Are We Just Floating Down the River?
I was just listening to an interview with an economist who was talking about the phenomenon of innovation coming in spurts. He said it's not just recently but has a lot of historical precedent. Recently we've had the computer/internet revolution, but before that we had a spurt that included electricity, cars and radio. Before that it was steam engines and railroad. I got his point, but I didn't understand why it was that way. Why couldn't progress be, well, progressive? Why did it happen in spurts? He had an explanation. He said that people don't like to innovate. His point was that we see spurts of innovation come out of bad times of inflation or deflation, but rarely while things are going along swimmingly. His exact words were, "Innovation is hard. When things are going well, people would rather just float along on down the river." As soon as he said it all the airplanes and cell phones left my head, and the first thing I thought about was addiction treatment.
It suddenly made sense to me. I've been trying to innovate in addiction treatment for over a decade. We've tried to innovate with cheaper forms of treatment like medically intensive IOP as a true alternative to inpatient care, but the insurance companies seem to feel more comfortable with cheap IOP and even more expensive inpatient. We've tried to innovate with genetic testing, but as soon as we asked patients to pay for it the $200 was too much, even for those who had spent $20K on 3 past rehabs, the last two of which could have been avoided. We've tried to innovate by creating a cognitive scoring system to see where people are in treatment and know exactly what they need next, but there doesn't seem to be much interest in anything other than the standard curriculum of treatment. We've tried to innovate by using computerized neurocognitive testing to help guide treatment but neither patient nor insurance company wants to pay for it even though it's got a great record. We've tried to innovate every way we could because we thought there should be a better way, and I couldn't understand why no one was interested. Now I do.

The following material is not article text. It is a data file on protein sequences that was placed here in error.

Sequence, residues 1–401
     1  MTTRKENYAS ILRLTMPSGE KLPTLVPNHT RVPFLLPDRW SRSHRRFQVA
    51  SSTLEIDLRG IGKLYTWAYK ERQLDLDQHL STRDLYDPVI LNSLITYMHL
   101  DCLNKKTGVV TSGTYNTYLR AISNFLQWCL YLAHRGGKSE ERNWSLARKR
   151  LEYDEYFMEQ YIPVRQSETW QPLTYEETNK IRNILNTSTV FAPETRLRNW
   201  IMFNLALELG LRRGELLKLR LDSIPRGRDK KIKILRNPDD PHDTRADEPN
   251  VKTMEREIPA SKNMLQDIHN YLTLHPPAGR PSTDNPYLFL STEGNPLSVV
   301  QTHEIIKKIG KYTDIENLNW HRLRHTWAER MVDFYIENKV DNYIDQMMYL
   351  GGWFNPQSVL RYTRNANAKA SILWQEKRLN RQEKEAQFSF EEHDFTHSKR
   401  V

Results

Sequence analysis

Times are good. If you open an addiction treatment center and do the same thing everyone else does, you get paid. If you need treatment and you go to the same kind of place everyone else does, you get the outcomes we all expect. If your child needs treatment you can send him to the "best treatment center" and everyone around you will feel sympathy and think you're a good parent. But, for me at least, there's something missing. And it explains why I feel the need to innovate. Current addiction treatment isn't coherent, and it doesn't produce good outcomes for the whole disease.
I probably should say what I mean by that, before all my colleagues start throwing darts. For decades we've been treating "substance abuse," and we've been treating it in a substance specific way. Alcoholics go to AA, narcotic addicts go to NA, etc. Even in more modern times, as medication has entered the picture we are still stuck in substance specific paradigms. Naltrexone is for opioids or alcohol, buprenorphine is for opioids, "there's no medication for cocaine dependence," etc. And gambling, sex, overeating, etc aren't even in the same section of the book, so we need to go to specific treatment for dual diagnosis substance dependence and eating disorders or a special treatment center that has a sexual addiction track. We've had this specific view of addiction for over a hundred years, and we've had solutions based on this basic assumption for that long and the problem is getting worse. And we're doing the same thing over and over. There ought to be a word to describe behavior like that.
That economist I was listening to was talking about how people never see a bubble until it has already popped. He was saying we never see the problem with doing the same thing everyone else is doing, even though there are people who will tell us that such things aren't going to turn out well. He made the point that at the pinnacle of the market average people are running in while sophisticated professionals are running out; the vast majority of people never see the drop coming, though the people working there every day do and are happy to sell to them. He likened it to a car that has driven off the cliff. The outcome is not in question, but for a brief period everyone feels like they're flying.
I wonder if we've reached such a point with addiction treatment and when we'll notice.